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OKC Thunder Co-Owner Aubrey McClendon Dies In Car Crash Following Indictment


When the ownership group Aubrey McClendon was part of decided to move the NBA’s Seattle Supersonics to Oklahoma City and rename them the Thunder, there were very few people in Emerald City who didn’t go for his head and the heads of the rest of the people in the ownership group. Yesterday, March 2, 2016, McClendon passed away and according to the first reports, his death in a car accident may not have been an accident. Namely, the initial evidence may be indicating that OKC Thunder’s part owner committed suicide.

Former chief executive of Chesapeake Energy veered off-course and drove straight into a concrete bridge pillar. Witnesses say that he had all the time in the world to correct his course, but he didn’t. According to the Oklahoma City Police, he was not wearing a seatbelt and he was going well over the speed limit at the moment of the crash.

While his intent to take his own life is currently nothing more than theory, McClendon had been indicted by the U.S. Department of Justice just the day before. The indictment involved charges for orchestrating “… a conspiracy between two large oil and gas companies to not bid against each other for the purchase of certain oil and natural gas leases in northwest Oklahoma.” This had been a 5-year old conspiracy according to the indictment and the strangest thing about his response was that he never once denied the charges.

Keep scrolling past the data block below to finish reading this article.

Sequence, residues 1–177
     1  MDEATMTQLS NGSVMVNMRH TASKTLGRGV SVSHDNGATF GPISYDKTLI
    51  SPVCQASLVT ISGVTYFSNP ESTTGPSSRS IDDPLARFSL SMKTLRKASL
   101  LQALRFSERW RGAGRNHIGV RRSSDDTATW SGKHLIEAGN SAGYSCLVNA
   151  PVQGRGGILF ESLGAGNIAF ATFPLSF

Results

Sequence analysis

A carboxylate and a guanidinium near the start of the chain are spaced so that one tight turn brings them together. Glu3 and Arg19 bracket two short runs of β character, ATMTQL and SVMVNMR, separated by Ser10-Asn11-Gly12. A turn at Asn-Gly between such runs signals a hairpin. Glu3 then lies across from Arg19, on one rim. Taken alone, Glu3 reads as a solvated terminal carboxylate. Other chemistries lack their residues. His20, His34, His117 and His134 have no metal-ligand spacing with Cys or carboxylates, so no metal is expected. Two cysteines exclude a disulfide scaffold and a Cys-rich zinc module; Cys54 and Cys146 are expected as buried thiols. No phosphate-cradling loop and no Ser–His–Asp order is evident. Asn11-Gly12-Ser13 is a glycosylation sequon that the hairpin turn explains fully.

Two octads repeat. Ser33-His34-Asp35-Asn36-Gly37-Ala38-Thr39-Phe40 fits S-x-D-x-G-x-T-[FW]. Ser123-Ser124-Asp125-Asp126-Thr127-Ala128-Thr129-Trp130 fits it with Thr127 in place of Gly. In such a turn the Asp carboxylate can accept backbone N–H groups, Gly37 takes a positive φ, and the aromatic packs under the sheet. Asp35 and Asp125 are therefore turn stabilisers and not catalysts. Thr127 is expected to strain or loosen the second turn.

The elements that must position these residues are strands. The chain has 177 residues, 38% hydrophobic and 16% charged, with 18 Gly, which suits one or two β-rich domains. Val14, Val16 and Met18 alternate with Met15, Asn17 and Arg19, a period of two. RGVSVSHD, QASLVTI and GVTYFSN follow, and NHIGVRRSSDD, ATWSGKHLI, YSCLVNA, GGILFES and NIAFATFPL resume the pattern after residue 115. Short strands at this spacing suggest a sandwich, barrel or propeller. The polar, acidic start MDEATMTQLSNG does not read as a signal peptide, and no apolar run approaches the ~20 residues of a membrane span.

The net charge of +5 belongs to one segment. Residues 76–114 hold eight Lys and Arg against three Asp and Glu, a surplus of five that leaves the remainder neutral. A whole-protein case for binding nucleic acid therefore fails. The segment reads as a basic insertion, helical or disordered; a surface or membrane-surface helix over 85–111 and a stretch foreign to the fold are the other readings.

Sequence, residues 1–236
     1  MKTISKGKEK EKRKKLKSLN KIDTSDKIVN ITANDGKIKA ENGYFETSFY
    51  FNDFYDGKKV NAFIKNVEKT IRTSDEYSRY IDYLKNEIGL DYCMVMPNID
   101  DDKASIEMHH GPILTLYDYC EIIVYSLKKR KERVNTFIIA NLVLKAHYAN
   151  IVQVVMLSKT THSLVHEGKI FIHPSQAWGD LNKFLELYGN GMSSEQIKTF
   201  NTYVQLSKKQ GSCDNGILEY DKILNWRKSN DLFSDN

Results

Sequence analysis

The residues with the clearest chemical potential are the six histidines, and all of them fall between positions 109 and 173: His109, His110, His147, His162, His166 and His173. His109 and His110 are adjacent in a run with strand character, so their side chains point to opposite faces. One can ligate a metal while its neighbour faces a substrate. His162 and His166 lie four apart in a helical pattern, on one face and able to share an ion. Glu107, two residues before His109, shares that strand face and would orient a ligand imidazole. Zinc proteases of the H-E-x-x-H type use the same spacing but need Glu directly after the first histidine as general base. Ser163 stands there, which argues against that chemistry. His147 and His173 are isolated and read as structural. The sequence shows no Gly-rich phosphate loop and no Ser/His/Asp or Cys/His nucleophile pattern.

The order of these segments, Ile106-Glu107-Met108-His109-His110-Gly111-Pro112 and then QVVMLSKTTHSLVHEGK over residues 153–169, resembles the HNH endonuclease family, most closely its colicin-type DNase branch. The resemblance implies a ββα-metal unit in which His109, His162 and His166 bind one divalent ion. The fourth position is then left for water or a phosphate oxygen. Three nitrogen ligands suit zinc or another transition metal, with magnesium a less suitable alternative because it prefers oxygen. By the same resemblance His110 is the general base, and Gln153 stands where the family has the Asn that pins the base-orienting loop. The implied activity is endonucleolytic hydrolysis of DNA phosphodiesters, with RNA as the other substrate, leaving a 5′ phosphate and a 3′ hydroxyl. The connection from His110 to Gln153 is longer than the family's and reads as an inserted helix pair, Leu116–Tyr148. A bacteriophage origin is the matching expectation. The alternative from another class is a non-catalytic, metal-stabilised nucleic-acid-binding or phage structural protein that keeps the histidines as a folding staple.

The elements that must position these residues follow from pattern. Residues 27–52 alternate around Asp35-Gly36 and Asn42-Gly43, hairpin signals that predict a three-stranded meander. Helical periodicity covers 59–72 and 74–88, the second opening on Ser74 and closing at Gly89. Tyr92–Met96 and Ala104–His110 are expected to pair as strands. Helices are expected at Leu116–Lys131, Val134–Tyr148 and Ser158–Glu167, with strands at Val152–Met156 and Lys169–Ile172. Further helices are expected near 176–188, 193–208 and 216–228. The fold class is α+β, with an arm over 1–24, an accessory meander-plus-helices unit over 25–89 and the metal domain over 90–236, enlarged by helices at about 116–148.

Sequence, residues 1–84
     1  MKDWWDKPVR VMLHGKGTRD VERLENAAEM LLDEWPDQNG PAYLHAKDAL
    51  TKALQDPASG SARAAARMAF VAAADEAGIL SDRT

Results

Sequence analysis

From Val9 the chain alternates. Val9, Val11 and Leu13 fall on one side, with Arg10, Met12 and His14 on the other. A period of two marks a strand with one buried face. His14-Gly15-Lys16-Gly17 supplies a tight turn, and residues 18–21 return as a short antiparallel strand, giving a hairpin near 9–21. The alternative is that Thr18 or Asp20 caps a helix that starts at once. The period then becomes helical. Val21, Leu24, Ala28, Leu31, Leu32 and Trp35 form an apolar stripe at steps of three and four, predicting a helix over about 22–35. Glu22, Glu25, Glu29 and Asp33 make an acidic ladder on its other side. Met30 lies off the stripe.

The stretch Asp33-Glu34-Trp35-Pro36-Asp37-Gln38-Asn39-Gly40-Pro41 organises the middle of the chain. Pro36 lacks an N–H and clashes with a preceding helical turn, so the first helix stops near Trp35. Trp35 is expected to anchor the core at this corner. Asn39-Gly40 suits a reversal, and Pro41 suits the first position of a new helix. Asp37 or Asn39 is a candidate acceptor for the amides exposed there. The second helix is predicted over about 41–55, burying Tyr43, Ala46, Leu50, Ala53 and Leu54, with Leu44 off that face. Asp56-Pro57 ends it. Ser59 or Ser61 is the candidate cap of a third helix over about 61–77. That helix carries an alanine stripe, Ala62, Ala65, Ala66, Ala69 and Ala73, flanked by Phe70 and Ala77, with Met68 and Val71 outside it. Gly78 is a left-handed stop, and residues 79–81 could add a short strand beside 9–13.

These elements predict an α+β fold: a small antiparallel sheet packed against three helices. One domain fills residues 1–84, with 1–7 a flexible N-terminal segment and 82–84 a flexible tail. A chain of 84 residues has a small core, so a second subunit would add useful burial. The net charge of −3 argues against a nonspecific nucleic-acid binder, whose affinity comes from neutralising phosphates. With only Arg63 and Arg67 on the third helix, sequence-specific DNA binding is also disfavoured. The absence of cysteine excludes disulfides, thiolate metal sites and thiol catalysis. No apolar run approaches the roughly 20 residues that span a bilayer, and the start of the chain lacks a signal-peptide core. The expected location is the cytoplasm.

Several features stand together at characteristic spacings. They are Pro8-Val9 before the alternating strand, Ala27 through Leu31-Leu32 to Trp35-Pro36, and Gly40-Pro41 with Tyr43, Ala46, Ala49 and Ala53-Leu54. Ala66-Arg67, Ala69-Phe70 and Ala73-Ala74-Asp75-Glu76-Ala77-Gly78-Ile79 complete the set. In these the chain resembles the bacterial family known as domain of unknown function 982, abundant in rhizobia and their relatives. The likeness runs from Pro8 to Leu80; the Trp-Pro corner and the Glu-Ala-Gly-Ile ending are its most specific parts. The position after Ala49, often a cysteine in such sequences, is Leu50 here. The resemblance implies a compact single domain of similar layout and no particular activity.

We are not lawyers here at Sporty Insider and as far as we are concerned, McClandon will forever be remembered as part of the ownership group which moved the Seattle team to Oklahoma City and effectively ended a well-loved franchise, even outside of Seattle.

Back in 2007 and 2008 when the move was being discussed, McClandon owned only 20 percent of the team, but he was still one of the more public figures in the group, quoted in The Oklahoma City Journal Record as saying that the group “didn’t buy the Seattle SuperSonics to keep them in Seattle.” At the time he was quoted, the organization had publicized different intentions and McClendon was fined $250,000 by NBA.

Since then, he increased his ownership share in the team and he had many fans in Oklahoma City. Billy Donovan, the head coach for the OKC Thunder said he addressed his team after he learned of McClendon’s passing.

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